LG Chem, IBM and Ford Motor Company have joined an effort to increase the transparency of supply chains for cobalt used in batteries - referred to by some as the ‘Blood Diamond’ of the energy and tech sectors.
Earlier this month, a pilot project was announced which will use blockchain ledger technology to track the supply chain progress of cobalt produced at a mine in the Democratic Republic of Congo, where the majority of the world’s cobalt is dug up and supplied from.
The project will create an “immutable audit trail on the blockchain”, from mine to end-manufacturer, as the cobalt goes from the mine, owned by Korean company Huayou Cobalt, to smelting facilities. From there it goes into cathodes and other components for LG Chem’s batteries at facilities in South Korea and from there into Ford vehicles at factories in the US.
RCS Global Group, which takes a data-driven approach to advising companies on responsible sourcing and production issues, is participating in the pilot, the results of which will be judged against the intergovernmental Organisation for Economic Cooperation and Development (OECD) standards.
The project has begun looking at the Huayou Cobalt factory, which is classed as a large-scale miner (LSM) but it is hoped it can be opened up to examine and increase transparency in so-called artisanal and small-scale mining (ASM) also, which would enable the latter to access global markets for their products.
The technology is built on IBM’s blockchain platform and the Linux Foundation’s open source Hyperledger Fabric solution. It is designed to enable parties from across the supply chain to access it. IBM said the project will start with cobalt but is expected to be expanded to include other potential ‘conflict minerals’. A governance board is expected to be established.
Cobalt is used in many types of lithium-ion batteries, primarily for the cathode materials. Amid growing concern that raw cobalt is being mined in the Congo, often in poor working conditions and with accusations of child labour use and other unsafe practises, Tesla last year published its own report on conflict minerals disclosure in the supply chain.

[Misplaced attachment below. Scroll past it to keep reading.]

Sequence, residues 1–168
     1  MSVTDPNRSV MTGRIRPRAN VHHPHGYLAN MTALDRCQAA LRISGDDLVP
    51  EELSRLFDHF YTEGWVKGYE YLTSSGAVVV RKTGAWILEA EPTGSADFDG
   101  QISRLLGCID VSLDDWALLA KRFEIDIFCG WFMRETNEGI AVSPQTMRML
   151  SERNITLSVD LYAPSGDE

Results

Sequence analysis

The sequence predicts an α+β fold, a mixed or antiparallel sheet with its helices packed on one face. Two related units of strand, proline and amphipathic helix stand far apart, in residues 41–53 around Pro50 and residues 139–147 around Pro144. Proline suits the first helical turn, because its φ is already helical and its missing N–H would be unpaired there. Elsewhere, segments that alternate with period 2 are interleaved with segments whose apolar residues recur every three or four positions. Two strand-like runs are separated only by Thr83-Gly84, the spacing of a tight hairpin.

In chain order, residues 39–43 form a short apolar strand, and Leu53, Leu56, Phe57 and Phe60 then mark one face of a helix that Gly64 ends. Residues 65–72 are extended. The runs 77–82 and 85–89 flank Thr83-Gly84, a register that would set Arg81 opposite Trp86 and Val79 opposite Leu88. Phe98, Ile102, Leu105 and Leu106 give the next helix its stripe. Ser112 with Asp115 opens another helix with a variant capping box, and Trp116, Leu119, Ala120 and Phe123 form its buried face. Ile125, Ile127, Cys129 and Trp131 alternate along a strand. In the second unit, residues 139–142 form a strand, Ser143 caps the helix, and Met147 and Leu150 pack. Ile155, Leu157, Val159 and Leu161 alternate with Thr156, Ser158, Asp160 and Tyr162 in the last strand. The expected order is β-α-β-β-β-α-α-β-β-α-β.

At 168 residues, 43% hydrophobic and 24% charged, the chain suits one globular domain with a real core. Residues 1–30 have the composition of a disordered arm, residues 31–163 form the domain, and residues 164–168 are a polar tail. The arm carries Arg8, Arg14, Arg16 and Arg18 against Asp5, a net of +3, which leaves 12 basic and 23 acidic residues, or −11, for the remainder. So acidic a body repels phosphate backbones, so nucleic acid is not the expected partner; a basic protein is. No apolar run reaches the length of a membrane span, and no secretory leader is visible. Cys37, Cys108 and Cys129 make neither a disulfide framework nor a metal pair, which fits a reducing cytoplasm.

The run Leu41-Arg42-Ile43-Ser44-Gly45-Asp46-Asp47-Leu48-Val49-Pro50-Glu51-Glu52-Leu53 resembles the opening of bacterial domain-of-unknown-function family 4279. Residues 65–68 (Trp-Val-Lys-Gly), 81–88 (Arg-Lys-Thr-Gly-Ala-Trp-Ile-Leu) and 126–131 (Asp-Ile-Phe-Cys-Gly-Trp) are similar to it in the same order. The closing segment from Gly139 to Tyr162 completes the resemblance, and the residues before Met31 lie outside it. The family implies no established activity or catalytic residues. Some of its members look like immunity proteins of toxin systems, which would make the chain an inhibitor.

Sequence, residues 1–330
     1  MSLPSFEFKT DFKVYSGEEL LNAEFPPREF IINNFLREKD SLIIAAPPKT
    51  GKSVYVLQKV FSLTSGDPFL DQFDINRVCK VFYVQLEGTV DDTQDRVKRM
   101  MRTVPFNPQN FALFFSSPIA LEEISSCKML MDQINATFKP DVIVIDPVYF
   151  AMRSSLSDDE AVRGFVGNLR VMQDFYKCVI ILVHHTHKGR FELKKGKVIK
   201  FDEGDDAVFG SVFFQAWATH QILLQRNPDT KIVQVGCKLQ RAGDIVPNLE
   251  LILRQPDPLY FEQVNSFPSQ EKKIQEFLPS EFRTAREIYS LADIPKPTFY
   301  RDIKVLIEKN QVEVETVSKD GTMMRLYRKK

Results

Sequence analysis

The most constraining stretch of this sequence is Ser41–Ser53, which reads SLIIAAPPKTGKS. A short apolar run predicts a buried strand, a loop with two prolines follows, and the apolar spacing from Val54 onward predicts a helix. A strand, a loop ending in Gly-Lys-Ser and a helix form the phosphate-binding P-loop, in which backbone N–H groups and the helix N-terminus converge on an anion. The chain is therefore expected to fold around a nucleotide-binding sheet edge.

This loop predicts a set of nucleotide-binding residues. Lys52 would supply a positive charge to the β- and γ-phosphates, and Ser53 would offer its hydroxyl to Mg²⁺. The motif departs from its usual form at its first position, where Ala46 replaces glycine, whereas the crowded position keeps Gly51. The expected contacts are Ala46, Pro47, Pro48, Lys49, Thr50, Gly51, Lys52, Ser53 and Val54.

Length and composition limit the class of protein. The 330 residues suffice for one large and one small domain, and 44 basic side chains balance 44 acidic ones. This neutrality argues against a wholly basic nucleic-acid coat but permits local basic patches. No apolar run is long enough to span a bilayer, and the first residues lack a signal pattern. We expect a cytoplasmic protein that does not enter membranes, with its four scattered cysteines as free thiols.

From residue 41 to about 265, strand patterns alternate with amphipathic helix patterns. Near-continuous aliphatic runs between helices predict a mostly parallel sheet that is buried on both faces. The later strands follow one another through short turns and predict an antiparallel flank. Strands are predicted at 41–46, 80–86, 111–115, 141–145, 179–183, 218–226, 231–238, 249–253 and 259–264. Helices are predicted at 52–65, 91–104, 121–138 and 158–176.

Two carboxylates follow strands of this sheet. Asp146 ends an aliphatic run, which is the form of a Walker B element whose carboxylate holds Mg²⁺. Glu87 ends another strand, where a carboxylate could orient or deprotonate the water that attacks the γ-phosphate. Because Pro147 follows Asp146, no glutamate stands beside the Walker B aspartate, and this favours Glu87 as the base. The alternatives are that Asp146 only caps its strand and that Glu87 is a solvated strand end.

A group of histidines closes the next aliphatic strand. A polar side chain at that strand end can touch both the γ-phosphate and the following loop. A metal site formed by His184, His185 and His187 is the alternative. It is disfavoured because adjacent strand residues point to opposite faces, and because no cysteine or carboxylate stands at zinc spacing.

“Tesla is committed to sourcing responsibly and considers mining activities that fuel conflict as unacceptable. Pursuant to Tesla’s human rights and conflict minerals policy, Tesla’s suppliers are expected to use reasonable efforts to ensure that parts and products supplied to Tesla are “DRC conflict free,” meaning that such conflict minerals do not benefit armed groups in the Democratic Republic of the Congo,” Tesla’s report said.
While primarily used in EV batteries, some stationary storage devices use cobalt in the production of their batteries. Examples include nickel manganese cobalt (NMC) cells made by the likes of Korea’s Kokam for large-scale stationary storage, a variation of which Tesla also favours for its Powerwall devices. Some manufacturers however, including BYD, Sonnen and SimpliPhi use lithium iron phosphate battery cells that do not use cobalt in their manufacture.
US DOE launches lithium battery recycling prize and R&D centre
On a somewhat related note, around the same time in mid-January the US Department of Energy launched a Lithium-ion Battery Recycling Prize competition and established a Battery Recycling R&D Center.
“America’s dependence on foreign sources of critical materials undermines our energy security and national security. DOE will leverage the power of competition and the resources of the private sector, universities, and the National Laboratories to develop innovative recycling technologies, which will bolster economic growth, strengthen our energy security, and improve the environment,” US Energy Secretary Rick Perry said.
Focusing on materials like lithium and cobalt, the initiative appears to have been begun by an executive order from the president, the “Federal Strategy to Ensure Secure and Reliable Supplies of Critical Minerals”, in 2017.
Cash prizes totalling US$5.5 million could be given out in three phases. Competitive programmes such as this appear to be one of Perry DOE’s primary methods for spurring progress and innovation in clean energy, particularly given the seeming antipathy towards funding and initiatives to fight climate change at the top.
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